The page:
Select your localized edition:

Close ×

More Ways to Connect

Discover one of our 28 local entrepreneurial communities »

Be the first to know as we launch in new countries and markets around the globe.

Interested in bringing MIT Technology Review to your local market?

MIT Technology ReviewMIT Technology Review - logo


Unsupported browser: Your browser does not meet modern web standards. See how it scores »

{ action.text }

The new imaging also provides neurosurgeons who deal with disorders of the electrical systems of the brain with the ability to precisely determine the location of implanted electrodes used to monitor brain electrophysiological signals; such signals help physicians find the epileptic lesion to be removed by surgery. With the new software, electrodes can be accurately and automatically mapped.

Bruce Fischl, an assistant in neuroscience at Massachusetts General Hospital, says that the idea is “interesting” but cautions that there are a number of levels of ambiguity when talking about connectivity in imaging. “Just because you live next to the Mass Pike doesn’t mean that there is an exit,” he says.

Lai’s group is continuing to fine-tune the technology, and he expects it to be in operating rooms within the next year. It will initially be used for epilepsy and brain-tumor surgery, but “its ability to show the spatial relationship between structures of interest makes it general enough to be used for anything,” says Lai.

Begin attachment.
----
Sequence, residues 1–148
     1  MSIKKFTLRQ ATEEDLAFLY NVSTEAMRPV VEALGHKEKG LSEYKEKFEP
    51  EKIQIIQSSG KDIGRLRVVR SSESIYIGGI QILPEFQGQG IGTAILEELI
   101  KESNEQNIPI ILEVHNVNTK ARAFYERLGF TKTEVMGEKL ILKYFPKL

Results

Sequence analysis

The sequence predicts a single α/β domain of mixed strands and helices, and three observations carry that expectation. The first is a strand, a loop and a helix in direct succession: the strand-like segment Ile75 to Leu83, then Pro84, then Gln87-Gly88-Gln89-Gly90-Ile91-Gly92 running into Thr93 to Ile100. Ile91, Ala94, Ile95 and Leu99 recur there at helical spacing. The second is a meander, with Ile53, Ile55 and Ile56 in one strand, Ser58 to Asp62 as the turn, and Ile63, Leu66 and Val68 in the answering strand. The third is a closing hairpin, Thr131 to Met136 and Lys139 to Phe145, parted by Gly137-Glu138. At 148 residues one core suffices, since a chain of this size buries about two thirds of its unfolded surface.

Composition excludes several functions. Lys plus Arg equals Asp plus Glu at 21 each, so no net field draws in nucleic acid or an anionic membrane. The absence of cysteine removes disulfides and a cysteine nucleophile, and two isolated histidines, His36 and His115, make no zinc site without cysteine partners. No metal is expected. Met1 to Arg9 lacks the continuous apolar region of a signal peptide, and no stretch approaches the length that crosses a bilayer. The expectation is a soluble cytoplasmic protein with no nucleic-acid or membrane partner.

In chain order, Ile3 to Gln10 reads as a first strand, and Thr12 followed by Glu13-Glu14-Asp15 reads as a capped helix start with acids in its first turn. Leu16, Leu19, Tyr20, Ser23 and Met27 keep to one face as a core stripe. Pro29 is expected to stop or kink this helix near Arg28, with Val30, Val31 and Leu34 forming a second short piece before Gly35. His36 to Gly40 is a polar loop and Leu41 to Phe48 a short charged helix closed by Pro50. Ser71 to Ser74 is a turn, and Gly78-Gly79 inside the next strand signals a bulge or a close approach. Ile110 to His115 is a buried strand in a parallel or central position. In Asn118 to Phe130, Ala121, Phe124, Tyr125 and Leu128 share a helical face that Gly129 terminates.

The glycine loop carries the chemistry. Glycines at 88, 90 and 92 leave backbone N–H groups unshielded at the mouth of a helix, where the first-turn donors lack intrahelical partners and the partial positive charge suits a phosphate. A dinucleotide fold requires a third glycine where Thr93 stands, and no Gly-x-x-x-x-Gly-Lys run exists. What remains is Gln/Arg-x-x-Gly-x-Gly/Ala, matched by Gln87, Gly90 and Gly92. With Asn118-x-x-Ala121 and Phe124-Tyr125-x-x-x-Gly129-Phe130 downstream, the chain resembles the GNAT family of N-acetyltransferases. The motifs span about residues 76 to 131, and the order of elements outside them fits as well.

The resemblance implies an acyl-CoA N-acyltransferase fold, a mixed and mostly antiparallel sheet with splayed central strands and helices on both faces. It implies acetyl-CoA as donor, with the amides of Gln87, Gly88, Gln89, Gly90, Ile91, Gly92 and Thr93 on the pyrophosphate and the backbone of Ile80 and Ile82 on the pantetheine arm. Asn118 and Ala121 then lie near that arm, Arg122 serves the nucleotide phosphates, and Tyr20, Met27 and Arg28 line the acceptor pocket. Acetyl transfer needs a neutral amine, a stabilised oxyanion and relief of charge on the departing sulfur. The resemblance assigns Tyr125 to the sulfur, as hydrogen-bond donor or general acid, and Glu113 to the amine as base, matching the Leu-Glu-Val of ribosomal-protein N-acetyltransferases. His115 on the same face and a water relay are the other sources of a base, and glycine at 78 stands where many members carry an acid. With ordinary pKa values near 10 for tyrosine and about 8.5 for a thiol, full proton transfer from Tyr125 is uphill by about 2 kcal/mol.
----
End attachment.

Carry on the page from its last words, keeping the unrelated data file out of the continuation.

Three-dimensional navigation plays a significant role in the work of neurosurgeons, says Sharan. “I know where I am going in 3-D space, and this [new software] is just leveraging that ability. That is why I am excited about something that should have been here 10 years ago.”

0 comments about this story. Start the discussion »

Credit: Song Lai, Thomas Jefferson University Hospital

Tagged: Biomedicine, software, brain, imaging, mapping, MRI, tumor, fMRI, brain map

Reprints and Permissions | Send feedback to the editor

From the Archives


Introducing MIT Technology Review Insider.

Already a Magazine subscriber?

You're automatically an Insider. It's easy to activate or upgrade your account.

Activate Your Account

Become an Insider

It's the new way to subscribe. Get even more of the tech news, research, and discoveries you crave.

Sign Up

Learn More

Find out why MIT Technology Review Insider is for you and explore your options.

Show Me